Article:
Effects of hydroxyl-functionalization and sub-Tg thermal annealing on high pressure pure- and mixed-gas CO2/CH4 separation by polyimide membranes based on 6FDA and triptycene-containing dianhydrides

Raja Swaidan, Bader Ghanem, Eric Litwiller, Ingo Pinnau

Research output: Contribution to journalArticlepeer-review

90 Scopus citations

Abstract

A sub-Tg thermally-annealed (250°C, 24h) ultra-microporous PIM-polyimide bearing a 9,10-diisopropyl-triptycene contortion center and hydroxyl-functionalized diamine (2,2-bis(3-amino-4-hydroxyphenyl)-hexafluoropropane, APAF) exhibited plasticization resistance up to 50bar for a 1:1 CO2/CH4 feed mixture, with a 9-fold higher CO2 permeability (30Barrer) and 2-fold increase in CO2/CH4 permselectivity (~50) over conventional dense cellulose acetate membranes at 10bar CO2 partial pressure. Interestingly, mixed-gas CO2/CH4 permselectivities were 10-20% higher than those evaluated under pure-gas conditions due to reduction of mixed-gas CH4 permeability by co-permeation of CO2. Gas transport, physisorption and fluorescence studies indicated a sieving pore-structure engaged in inter-chain charge transfer complexes (CTCs), similar to that of low-free-volume 6FDA-APAF polyimide. The isosteric heat of adsorption of CO2 as well as CO2/CH4 solubility selectivities varied negligibly upon replacement of OH with CH3 but CTC formation was hindered, CO2 sorption increased, CO2 permeability increased ~3-fold, CO2/CH4 permselectivity dropped to ~30 and CH4 mixed-gas co-permeation increased. These results suggest that hydroxyl-functionalization did not cause preferential polymer-gas interactions but primarily elicited diffusion-dominated changes owing to a tightened microstructure more resistant to CO2-induced dilations. Solution-processable hydroxyl-functionalized PIM-type polyimides provide a new platform of advanced materials that unites the high selectivities of low-free-volume polymers with the high permeabilities of PIM-type materials particularly for natural gas sweetening applications.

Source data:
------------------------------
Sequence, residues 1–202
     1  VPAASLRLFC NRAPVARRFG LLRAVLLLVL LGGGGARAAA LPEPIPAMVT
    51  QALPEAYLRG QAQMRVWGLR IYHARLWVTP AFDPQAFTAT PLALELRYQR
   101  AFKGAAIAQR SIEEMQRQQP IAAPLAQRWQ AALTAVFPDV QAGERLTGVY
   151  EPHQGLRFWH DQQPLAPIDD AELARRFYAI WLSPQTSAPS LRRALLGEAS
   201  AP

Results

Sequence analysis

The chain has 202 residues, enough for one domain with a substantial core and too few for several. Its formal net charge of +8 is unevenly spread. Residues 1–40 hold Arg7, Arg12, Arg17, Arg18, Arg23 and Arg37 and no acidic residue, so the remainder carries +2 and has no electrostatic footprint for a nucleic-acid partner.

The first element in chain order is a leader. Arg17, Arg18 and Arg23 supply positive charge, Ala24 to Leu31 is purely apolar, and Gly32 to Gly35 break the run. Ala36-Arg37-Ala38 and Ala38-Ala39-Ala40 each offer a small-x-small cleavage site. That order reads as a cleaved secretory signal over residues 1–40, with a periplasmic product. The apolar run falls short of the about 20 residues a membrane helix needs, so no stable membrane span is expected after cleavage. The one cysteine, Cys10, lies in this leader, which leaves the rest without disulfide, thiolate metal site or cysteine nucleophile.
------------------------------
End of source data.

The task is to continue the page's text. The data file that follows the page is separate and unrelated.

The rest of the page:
Original languageEnglish (US)
Pages (from-to)571-581
Number of pages11
JournalJournal of Membrane Science
Volume475
DOIs
StatePublished - Feb 2015

Bibliographical note

KAUST Repository Item: Exported on 2020-10-01
Acknowledgements: The authors acknowledge KAUST funding for Prof. Ingo Pinnau, Dr. Youssef Belmabkhout is thanked for helpful discussions on sorption experiments. Dr. Osama Shekhah and Agnes Sweileh contributed to helpful discussions on fluorescence experiments.

ASJC Scopus subject areas

  • Biochemistry
  • Filtration and Separation
  • General Materials Science
  • Physical and Theoretical Chemistry

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